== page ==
YAKIMA, Wash., June 6, 2016 /PRNewswire/ -- Northwest sweet cherries, a signature summertime fruit, are ripe and ready just in time to be the highlight of summer barbeques and Fourth of July celebrations. Since the season will be short this year, buying one bag for now and another to freeze for later usage is a great way to keep those extraordinarily sweet cherries around a little longer.
"This year will mark the earliest start of the cherry season we've ever seen," said Curtis Roy, a Northwest cherry grower based in Washington state's Yakima Valley. "We're expecting a great crop, hitting nearly 20 million boxes, and look forward to a very fruitful June and July this season. It'll be a shorter season this year, so if you want them to last a little longer, do like we do and freeze some for later."
Northwest cherries are known for their exceptional and unmatched sweet flavor profile due the ideal microclimate and rich volcanic soil of the area. The Northwest is known for producing a number of regional varieties including Bing cherries, the most popular and, and the super sweet Rainiers, born at Washington State University in 1952 and named after the beautiful Mt. Rainier. Rainiers tend to ripen even earlier in the year, so customers should keep their eye out and snag these off the shelves soon.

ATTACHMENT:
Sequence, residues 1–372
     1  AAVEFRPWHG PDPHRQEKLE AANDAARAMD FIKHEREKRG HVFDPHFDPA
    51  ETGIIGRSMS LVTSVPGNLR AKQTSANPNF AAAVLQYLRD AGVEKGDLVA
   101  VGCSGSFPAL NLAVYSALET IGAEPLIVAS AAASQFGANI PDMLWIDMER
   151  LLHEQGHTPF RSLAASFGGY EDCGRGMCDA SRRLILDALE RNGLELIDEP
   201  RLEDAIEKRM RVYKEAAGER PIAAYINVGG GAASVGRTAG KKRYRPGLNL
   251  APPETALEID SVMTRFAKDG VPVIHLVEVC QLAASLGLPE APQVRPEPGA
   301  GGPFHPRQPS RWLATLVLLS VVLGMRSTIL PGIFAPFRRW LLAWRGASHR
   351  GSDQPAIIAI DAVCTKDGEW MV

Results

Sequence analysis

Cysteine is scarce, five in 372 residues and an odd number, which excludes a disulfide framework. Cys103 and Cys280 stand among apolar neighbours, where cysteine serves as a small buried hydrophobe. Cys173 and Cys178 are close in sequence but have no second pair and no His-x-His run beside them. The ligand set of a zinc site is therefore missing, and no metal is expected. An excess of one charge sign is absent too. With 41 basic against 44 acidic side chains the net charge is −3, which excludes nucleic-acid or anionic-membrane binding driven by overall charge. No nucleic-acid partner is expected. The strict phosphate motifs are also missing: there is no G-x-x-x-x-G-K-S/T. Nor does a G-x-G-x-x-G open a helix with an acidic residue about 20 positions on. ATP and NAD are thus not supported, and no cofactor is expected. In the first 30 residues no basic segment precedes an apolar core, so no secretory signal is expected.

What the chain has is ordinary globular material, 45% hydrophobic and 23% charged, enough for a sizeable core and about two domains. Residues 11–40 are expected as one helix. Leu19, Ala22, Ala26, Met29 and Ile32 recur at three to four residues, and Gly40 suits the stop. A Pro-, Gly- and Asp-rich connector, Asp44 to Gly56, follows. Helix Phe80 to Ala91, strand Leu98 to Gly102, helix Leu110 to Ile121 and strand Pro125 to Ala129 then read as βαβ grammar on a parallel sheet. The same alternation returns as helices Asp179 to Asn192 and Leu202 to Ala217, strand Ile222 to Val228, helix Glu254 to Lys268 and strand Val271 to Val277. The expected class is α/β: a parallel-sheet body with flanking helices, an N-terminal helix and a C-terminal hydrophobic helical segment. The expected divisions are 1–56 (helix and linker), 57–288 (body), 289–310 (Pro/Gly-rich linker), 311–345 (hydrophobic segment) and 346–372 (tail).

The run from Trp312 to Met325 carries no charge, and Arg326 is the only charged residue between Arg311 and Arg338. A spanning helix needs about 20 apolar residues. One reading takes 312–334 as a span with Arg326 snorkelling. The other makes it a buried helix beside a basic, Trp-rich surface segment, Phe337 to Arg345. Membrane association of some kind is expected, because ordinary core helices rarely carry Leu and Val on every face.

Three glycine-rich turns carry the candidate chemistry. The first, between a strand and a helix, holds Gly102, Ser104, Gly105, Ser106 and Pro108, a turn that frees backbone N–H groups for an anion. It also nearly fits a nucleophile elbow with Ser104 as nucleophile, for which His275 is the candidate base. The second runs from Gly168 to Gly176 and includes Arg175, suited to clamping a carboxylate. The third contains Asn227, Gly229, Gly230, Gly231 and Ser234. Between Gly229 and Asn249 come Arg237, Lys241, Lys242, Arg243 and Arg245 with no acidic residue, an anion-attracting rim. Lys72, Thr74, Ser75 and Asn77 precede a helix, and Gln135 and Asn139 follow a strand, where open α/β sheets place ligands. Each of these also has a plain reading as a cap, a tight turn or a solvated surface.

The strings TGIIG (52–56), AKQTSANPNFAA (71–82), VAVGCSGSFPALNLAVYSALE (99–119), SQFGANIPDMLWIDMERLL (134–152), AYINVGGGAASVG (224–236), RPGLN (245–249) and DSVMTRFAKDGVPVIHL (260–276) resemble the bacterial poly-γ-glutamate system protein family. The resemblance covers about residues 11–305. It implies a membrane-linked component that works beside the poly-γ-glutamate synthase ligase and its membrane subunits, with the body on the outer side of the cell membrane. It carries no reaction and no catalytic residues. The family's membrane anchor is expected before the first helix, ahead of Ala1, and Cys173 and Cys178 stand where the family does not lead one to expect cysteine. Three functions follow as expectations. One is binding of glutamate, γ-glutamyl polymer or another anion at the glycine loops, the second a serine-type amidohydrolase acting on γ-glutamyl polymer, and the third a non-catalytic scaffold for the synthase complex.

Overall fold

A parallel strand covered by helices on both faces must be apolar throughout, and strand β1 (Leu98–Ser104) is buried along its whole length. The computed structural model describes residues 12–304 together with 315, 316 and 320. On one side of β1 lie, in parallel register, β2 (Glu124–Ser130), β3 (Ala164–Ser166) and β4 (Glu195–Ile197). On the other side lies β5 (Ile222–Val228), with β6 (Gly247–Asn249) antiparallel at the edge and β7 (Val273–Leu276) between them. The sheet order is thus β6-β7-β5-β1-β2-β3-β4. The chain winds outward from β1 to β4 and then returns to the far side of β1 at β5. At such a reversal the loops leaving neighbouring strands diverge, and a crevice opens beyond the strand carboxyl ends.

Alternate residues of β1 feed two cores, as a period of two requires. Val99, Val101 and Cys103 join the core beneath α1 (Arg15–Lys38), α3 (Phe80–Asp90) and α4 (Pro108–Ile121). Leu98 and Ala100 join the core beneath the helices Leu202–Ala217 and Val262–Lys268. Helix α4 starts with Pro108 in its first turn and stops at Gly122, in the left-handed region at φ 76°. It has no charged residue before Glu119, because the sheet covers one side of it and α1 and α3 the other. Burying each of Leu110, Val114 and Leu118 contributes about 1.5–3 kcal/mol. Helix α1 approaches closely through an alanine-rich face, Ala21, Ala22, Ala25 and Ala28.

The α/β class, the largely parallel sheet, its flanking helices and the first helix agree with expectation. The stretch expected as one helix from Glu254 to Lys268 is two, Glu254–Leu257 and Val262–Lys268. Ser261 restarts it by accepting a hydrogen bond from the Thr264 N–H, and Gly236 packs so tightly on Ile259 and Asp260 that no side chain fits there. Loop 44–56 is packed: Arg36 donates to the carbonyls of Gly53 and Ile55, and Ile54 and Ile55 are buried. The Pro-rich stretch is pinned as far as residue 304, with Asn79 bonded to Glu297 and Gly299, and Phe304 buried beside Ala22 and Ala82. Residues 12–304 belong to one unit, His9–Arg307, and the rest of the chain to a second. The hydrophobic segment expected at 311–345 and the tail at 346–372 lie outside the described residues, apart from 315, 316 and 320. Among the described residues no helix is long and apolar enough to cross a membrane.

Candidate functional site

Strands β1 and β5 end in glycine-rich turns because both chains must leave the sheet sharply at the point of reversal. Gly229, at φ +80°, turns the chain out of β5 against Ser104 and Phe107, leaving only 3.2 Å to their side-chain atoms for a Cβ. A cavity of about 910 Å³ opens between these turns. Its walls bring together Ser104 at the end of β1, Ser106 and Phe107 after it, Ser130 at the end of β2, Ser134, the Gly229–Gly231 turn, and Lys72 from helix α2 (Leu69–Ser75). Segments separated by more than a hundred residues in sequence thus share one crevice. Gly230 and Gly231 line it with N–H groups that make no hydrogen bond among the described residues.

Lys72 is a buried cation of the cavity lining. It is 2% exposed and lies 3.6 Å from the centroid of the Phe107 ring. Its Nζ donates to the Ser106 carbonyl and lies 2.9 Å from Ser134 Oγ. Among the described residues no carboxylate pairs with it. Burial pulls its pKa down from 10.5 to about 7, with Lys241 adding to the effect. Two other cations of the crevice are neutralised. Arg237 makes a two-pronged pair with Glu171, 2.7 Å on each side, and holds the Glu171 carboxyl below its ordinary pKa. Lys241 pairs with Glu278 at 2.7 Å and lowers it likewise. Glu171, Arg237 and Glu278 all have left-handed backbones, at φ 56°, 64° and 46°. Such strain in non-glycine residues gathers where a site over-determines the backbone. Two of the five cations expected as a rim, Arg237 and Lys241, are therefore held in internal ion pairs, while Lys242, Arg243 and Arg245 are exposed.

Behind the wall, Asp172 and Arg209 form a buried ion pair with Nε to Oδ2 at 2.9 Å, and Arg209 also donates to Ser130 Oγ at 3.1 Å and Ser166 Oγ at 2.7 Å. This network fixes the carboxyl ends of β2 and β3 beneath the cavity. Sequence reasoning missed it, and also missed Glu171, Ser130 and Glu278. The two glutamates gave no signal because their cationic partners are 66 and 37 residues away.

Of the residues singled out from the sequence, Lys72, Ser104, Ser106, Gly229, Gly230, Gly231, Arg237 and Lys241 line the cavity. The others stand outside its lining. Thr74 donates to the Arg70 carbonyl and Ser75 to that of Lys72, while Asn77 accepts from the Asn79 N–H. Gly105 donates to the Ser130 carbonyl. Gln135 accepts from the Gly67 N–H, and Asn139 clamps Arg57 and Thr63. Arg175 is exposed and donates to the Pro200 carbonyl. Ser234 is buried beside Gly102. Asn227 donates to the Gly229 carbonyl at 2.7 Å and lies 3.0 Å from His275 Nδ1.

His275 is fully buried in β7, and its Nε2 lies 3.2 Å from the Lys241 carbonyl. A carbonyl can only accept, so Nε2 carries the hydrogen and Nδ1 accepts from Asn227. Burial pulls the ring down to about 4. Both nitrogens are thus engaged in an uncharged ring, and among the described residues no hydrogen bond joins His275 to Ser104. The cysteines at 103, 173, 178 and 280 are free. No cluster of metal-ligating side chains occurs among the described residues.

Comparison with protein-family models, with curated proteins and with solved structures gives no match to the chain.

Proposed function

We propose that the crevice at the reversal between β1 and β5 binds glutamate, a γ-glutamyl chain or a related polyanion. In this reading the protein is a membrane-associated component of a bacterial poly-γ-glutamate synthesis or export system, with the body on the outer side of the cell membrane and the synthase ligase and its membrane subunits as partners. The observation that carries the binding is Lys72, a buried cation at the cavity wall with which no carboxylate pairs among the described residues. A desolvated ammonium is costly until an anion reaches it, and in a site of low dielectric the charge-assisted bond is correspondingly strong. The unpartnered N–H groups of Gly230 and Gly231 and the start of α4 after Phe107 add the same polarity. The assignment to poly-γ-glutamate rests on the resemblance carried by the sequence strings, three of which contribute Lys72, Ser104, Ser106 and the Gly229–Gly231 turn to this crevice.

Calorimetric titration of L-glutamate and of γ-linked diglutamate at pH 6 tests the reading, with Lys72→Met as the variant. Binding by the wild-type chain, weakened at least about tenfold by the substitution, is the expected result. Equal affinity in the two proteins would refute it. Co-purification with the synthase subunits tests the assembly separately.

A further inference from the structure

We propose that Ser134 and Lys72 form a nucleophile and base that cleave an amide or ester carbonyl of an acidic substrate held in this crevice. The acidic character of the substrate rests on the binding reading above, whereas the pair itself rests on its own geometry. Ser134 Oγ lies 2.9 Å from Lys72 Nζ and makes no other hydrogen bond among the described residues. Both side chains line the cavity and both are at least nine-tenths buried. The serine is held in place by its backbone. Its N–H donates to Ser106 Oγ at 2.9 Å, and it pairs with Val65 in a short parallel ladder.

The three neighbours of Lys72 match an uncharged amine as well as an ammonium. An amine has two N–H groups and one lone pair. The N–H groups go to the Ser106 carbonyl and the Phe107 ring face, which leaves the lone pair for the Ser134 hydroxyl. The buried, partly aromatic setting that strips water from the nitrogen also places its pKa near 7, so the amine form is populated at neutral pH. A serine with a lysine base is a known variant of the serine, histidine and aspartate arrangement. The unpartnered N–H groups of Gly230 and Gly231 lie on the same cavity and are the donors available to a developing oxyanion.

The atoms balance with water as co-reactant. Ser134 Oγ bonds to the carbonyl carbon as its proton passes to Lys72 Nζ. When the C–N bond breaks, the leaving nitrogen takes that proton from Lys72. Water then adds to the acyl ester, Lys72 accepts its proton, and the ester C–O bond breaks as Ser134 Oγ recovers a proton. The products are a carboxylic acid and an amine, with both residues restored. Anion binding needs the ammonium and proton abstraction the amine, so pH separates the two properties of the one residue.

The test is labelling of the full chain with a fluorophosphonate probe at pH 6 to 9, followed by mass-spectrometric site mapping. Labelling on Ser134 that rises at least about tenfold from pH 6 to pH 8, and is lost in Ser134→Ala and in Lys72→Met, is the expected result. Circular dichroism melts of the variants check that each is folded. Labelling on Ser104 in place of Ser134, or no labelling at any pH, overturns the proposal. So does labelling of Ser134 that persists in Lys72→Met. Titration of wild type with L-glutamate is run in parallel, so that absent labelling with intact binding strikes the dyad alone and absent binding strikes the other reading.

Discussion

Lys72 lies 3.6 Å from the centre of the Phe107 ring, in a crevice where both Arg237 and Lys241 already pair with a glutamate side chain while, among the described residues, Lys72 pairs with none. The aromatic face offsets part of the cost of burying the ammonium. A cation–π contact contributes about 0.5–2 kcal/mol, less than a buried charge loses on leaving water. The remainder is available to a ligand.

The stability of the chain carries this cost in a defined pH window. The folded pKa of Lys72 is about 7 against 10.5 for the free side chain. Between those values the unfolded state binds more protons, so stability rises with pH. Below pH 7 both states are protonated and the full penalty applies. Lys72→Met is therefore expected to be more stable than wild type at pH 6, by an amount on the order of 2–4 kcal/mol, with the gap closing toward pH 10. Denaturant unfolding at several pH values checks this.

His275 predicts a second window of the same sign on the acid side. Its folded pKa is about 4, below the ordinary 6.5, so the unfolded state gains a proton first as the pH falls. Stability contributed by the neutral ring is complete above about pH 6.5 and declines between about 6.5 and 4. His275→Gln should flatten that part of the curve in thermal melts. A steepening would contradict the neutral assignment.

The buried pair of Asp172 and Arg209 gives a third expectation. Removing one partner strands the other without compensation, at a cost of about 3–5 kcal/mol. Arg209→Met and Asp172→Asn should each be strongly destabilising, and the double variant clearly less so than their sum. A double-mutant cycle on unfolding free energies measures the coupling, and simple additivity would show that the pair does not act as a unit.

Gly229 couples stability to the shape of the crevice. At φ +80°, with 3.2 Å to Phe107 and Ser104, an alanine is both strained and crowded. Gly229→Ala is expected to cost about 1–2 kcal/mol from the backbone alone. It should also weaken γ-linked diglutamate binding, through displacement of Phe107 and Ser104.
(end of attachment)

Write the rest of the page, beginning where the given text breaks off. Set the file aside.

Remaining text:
Northwest cherries' sweet flavor makes for a delicious snack on their own, but also a great addition to baking so bakers don't have to add extra sugar, resulting in more healthful pies, cakes, tarts and more. Fresh cherries should be kept in a tightly sealed bag or container and will keep for approximately two weeks when refrigerated.
To freeze cherries to use throughout the year, select three to five pounds of firm, ripe cherries. After rinsing and draining, spread whole cherries with stems in a layer on a baking sheet, freezing until firm and then packing into freezer-proof containers or plastic freezer bags being sure to remove excess air and cover tightly. Another option is to dry sugar pack your cherries by adding 1/3 cup sugar for each pint of pitted or unpitted fresh sweet cherries, fill freezer container or bags, shaking to pack the fruit and covering tightly and freeze. Throw frozen cherries into smoothies or defrost and put in pies, turnovers and more.
For more information on sweet Northwest Cherries, seasonal and preservation recipes, health information and more, visit www.nwcherries.com.
About Northwest Cherries and Washington State Fruit Commission
Washington State Fruit Commission is a growers' organization funded by fruit assessments to increase awareness and consumption of regional stone fruits. The organization is dedicated to the promotion, education, market development, and research of soft fruits from Northwest orchards. It began in 1947 and has since grown to include five states – Washington, Oregon, Idaho, Utah and Montana. For more information, visit www.nwcherries.com or www.wastatefruit.com.
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SOURCE Northwest Cherries